Typically a peach tree (Prunus persica) develops into a plant with a wide, spreading but rounded canopy of branches. If you are short on garden space, or wish to increase production yields in an orchard, upright-growing peach trees allows you to harvest more peaches on more trees in the same acreage. Not all peach trees with upright habit are grown for fruits, as some provide breathtaking spring flower displays on column-like plants. Make sure to confirm the upright peach tree variety you purchase is known to produce fruits.
Developed at the Appalachian Fruit Research Station in Kearneysville, West Virginia and carrying a U.S. plant patent, "Crimson Rocket" is described as having a column-like grown habit. The branch angles off of the main tree trunk are sharp, only 35 to 40 degrees off of vertical according to the U.S. Trademark and Plant Patent Office's records. The dessert-quality fruits are firm, yellow and have substantial red blushing. In American orchards, the fruits ripen and are ready for harvest by mid-August.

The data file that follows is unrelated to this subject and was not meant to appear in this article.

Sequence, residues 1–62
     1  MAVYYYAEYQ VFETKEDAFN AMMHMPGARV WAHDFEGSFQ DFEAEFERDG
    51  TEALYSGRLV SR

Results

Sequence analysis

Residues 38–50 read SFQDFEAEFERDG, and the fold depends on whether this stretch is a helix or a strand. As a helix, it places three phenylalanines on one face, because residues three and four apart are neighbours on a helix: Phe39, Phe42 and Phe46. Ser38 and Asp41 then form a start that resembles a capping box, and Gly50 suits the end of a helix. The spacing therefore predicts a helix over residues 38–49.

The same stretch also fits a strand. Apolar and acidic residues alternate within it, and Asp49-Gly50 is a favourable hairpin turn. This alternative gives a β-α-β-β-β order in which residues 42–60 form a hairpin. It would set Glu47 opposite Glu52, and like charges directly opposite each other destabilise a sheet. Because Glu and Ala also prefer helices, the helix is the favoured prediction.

Also developed in Kearneysville and carrying a U.S. plant patent, "Sweet-N-Up" develops a slightly wider column-like grown habit. The branch angles off of the main tree trunk are upward-angled, only 40 to 50 degrees off of vertical according to the U.S. Trademark and Plant Patent Office's records. The dessert-quality fruits are firm, heavily red-blushed over yellow skin. They are ripe and harvested in late August.
The most recent introduction from the Appalachian Fruit Research Station in Kearneysville is the variety "Summerfest." As of mid-2010, a plant patent had been applied for, but was not listed in the U.S. Trademark and Plant Patent Office online database. This upright peach tree was developed as a hybrid with "Crimson Rocket" being one parent according to Adams County Nursery. "Summerfest" produces fruits that are also regarded as dessert-type and are uniformly round with an orange skin that deepens to dark red.
The ornamental flowering peach trees with distinctively upright, narrow canopies and growth habits are part of the Corinthian Series. These trees flower abundantly each early spring but fail to produce fruits. They are exclusively used for garden landscapes and include varieties that have either rose, pink, pale or white flowers. The cultivar names reveal their identity and inclusion in the Corinthian Series: "Corinthian Mauve," "Corinthian White," "Cornithina Pink" and "Corinthian Rose."